In the last few decades, shrubs in the Arctic tundra have transformed themselves into trees as a result of the warming Arctic climate, at a speed and magnitude that is far greater than scientists had ever anticipated. If this continues and is replicated across the whole of the Arctic tundra, it would significantly accelerate global warming.
A report published in the journal Nature Climate Change entitled “Eurasian Arctic greening reveals teleconnections and the potential for novel ecosystems” detailed research led by scientists from the University of Lapland, Finland, and Oxford University England. The scientists investigated an area of around 100,000 square kilometres known as the northwestern Eurasian tundra, which stretches from western Sibera to Finland. Surveys of the vegetation, using data from satellite imaging, fieldwork, and expert observations from indigenous reindeer herders, showed that, in 8-15% of the area, willow (Salix) and alder (Alnus) plants have grown into trees over 2 metres in height in the last 30-40 years.
Models made previous to this research had indicated that the potential impact of forestation in the Arctic tundra could increase Arctic warming by an extra 1 to 2 degrees Celsius by the late 21st Century.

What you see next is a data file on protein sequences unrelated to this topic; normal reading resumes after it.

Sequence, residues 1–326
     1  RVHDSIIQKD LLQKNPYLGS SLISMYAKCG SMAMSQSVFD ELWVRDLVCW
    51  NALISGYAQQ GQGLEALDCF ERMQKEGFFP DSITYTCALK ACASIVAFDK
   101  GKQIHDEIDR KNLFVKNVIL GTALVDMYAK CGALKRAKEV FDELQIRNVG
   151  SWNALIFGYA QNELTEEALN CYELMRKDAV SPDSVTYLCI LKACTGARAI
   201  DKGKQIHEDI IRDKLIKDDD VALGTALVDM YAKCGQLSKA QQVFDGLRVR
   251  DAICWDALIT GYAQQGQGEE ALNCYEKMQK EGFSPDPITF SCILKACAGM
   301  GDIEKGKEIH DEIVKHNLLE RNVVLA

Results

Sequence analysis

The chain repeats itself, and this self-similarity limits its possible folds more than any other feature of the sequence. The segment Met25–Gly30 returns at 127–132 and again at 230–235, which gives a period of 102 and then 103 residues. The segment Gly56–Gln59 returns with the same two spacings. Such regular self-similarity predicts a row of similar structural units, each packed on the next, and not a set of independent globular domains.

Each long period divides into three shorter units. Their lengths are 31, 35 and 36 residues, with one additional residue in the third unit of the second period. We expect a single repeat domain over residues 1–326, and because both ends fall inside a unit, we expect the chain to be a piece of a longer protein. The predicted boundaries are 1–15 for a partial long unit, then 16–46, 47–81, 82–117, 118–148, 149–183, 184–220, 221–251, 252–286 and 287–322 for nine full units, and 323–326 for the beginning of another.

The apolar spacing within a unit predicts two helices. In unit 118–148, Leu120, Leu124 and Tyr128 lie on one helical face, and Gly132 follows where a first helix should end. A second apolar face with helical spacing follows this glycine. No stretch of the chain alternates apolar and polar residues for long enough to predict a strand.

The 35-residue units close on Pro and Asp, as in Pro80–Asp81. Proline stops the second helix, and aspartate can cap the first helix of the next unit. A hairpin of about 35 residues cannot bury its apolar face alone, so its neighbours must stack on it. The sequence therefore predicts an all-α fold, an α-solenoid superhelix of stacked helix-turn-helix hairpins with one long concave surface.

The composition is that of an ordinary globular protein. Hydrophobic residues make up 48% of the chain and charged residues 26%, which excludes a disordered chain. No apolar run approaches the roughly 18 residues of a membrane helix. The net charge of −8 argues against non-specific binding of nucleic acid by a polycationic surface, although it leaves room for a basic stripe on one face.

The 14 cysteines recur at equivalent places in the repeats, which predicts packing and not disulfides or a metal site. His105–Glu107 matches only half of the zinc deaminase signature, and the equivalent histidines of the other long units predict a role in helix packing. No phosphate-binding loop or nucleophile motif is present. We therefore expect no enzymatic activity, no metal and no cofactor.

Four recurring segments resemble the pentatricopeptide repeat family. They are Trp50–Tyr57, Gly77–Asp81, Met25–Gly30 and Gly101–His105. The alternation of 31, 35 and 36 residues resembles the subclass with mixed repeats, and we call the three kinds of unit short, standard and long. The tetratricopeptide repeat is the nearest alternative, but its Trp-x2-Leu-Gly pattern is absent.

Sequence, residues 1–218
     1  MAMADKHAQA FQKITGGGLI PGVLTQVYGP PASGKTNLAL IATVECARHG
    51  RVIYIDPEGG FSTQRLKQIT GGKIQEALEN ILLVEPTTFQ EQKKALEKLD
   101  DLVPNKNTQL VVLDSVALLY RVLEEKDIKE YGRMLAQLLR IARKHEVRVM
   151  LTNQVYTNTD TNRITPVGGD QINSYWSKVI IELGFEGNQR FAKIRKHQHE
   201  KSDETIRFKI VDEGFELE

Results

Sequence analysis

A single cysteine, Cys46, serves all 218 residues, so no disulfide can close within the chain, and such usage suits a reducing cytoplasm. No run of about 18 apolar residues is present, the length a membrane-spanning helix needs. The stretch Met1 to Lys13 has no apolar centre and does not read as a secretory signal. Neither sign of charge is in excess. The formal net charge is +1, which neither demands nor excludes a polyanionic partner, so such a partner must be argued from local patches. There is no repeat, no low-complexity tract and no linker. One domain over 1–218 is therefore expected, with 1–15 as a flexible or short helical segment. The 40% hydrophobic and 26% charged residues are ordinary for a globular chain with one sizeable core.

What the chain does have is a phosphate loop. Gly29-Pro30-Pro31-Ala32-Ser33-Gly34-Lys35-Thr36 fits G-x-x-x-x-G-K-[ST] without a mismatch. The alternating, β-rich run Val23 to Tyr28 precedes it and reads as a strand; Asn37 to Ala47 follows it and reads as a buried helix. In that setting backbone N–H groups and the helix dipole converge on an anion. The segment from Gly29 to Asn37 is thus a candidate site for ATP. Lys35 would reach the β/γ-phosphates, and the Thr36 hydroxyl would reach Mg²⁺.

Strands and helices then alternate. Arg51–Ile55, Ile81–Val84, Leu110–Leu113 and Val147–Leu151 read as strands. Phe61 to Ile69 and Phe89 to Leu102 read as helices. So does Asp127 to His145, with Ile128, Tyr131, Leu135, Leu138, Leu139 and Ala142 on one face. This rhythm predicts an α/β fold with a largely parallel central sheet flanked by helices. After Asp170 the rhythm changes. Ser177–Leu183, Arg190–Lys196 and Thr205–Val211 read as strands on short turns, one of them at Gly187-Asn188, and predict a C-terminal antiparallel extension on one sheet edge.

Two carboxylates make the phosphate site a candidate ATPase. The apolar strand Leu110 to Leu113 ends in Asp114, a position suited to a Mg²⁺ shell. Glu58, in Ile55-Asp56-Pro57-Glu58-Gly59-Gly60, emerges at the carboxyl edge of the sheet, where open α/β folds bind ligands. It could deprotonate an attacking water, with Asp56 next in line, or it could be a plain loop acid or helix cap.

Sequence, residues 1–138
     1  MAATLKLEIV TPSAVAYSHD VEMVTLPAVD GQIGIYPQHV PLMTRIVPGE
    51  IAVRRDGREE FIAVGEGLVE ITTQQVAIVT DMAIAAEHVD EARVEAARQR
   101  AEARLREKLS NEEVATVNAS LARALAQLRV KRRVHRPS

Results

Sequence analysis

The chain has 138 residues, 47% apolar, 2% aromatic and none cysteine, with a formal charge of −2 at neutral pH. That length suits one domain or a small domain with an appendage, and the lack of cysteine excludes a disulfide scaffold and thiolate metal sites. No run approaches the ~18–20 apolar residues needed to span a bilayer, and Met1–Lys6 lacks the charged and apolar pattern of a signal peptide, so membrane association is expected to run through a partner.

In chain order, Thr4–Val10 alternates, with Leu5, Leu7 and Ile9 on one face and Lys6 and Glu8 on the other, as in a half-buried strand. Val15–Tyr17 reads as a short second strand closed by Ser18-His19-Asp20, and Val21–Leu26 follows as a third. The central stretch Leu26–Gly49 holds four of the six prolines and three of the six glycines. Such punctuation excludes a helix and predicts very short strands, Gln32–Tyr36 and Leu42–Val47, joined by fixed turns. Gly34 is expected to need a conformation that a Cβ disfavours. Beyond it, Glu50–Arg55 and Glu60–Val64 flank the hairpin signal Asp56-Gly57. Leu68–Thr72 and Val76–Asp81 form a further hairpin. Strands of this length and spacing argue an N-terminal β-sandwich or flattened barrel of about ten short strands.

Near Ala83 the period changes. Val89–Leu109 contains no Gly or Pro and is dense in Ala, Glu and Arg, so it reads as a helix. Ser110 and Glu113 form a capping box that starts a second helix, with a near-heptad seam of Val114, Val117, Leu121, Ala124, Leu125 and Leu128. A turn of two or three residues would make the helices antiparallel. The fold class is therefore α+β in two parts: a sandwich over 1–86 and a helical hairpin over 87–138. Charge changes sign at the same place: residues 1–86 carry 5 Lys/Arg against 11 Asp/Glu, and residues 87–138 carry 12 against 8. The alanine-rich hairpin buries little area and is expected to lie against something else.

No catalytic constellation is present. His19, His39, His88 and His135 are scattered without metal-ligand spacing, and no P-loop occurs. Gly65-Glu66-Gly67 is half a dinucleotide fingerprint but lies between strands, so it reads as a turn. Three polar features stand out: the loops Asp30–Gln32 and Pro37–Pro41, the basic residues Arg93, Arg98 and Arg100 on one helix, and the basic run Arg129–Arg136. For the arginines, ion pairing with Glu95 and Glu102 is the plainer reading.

“It’s a big surprise that these plants are reacting in this way,” said Dr Marc Macias-Fauria of Oxford University’s Department of Zoology and the Oxford Martin School, first author of the paper. “Previously people had thought that the tundra might be colonised by trees from the boreal forest to the south as the Arctic climate warms, a process that would take centuries. But what we’ve found is that the shrubs that are already there are transforming into trees in just a few decades.”
“The speed and magnitude of the observed change is far greater than we expected,” said Professor Bruce Forbes of the Arctic Centre, University of Lapland, corresponding author of the paper.
The increase to the Arctic warming comes as the increase in forest decreases the albedo effect in the region. During the Arctic spring and autumn, much of the flora is hidden underneath a blanket of white, light-reflecting snow. However, trees are tall enough to break the snow cover and are dark enough to start absorbing the light (i.e., heat). This increased absorption of the Sun’s radiation, combined with microclimates created by forested areas, adds to global warming: making an already-warming climate warm even more rapidly.
“Of course this is just one small part of the vast Arctic tundra and an area that is already warmer than the rest of the Arctic, probably due to the influence of warm air from the Gulf Stream,” said Dr Macias-Fauria. “However, this area does seem to be a bellwether for the rest of the region, it can show us what is likely to happen to the rest of the Arctic in the near future if these warming trends continue.”
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